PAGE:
South African Companies Funding Shorter-Term as Economy Faltersby
Standard Bank sees `clear signs of concern' in funding pattern
More than two-thirds of corporate funding is shorter-term
South African companies are becoming reluctant to raise long-term funding as the country’s economic outlook deteriorates, according to Standard Bank Group Ltd., Africa’s biggest arranger of corporate bonds.
About 74 percent of corporate bonds issued in Africa’s most-industrialized economy had maturities of three years or less, compared with 42 percent in 2014, according to Standard Bank data. Debt with maturities of five and seven years dropped to 26 percent of total sales excluding issuance by banks, from 54 percent last year.
“We’ve seen people taking a shorter-term view on funding,” Zoya Sisulu, manager of Standard Bank’s debt capital markets division, told reporters in Cape Town on Thursday. “That’s just a demonstration of how investors are reading the market and the impact of global events on South Africa.”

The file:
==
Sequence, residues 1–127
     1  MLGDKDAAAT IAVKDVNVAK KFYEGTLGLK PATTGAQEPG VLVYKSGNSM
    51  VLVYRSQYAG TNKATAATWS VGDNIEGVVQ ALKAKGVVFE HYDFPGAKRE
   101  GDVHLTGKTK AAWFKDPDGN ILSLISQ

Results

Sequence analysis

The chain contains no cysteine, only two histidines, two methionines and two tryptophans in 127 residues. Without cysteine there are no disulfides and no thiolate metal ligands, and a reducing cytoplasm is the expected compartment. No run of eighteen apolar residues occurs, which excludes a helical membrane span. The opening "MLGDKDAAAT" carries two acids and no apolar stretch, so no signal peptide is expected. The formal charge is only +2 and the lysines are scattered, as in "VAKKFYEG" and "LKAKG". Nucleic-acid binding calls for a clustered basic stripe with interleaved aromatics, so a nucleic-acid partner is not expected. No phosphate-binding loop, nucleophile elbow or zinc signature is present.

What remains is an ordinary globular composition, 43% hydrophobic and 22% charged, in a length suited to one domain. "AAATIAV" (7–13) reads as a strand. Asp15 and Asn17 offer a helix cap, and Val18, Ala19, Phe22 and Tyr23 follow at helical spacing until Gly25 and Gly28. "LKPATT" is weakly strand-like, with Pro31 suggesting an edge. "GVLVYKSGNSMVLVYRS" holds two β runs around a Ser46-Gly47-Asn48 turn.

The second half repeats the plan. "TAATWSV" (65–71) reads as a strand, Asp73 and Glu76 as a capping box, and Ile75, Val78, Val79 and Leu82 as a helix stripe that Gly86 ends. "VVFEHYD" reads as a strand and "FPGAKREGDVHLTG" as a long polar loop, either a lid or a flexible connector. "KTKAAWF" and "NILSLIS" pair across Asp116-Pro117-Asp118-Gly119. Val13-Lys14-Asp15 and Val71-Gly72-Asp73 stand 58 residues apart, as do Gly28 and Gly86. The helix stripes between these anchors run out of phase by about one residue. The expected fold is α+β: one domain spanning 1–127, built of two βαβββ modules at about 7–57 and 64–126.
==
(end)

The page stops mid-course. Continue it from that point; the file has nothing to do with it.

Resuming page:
South Africa’s economy expanded 0.7 percent in the third quarter, narrowly dodging a recession after contracting in the previous three months. The rebound masks a deterioration in the economy triggered by power shortages and a slump in prices of platinum, copper and other commodities. Output is forecast by the central bank to expand 1.4 percent this year, which would be the slowest pace since the 2009 recession.
The central bank has little room to support growth as it struggles to keep inflation inside the 3 percent to 6 percent target. The Reserve Bank increased its benchmark repurchase rate by 25 basis points to 6.25 percent on Nov. 19, the second increase this year. An 18 percent slump in the rand hasn’t yet spurred an anticipated increase in exports, while unemployment is above 25 percent.
“We are seeing clear signs of corporate uncertainty,” said Alexi Contogiannis, a debt primary markets executive at Standard Bank. “Issuers are nervous about committing to long-term capital. There are so many short-term challenges -- labor, power, regulation -- we have corporates saying, let’s just assess our short-term needs.”
Corporate bond issuance including banks is forecast at 115.5 billion rand ($8.1 billion) this year, 5.6 percent higher than last year’s issuance of 109 billion rand, according to Standard Bank research. About 56 billion rand of the total will be from financial institutions, with 30 billion rand issued by state-owned companies and 18 billion rand by other companies.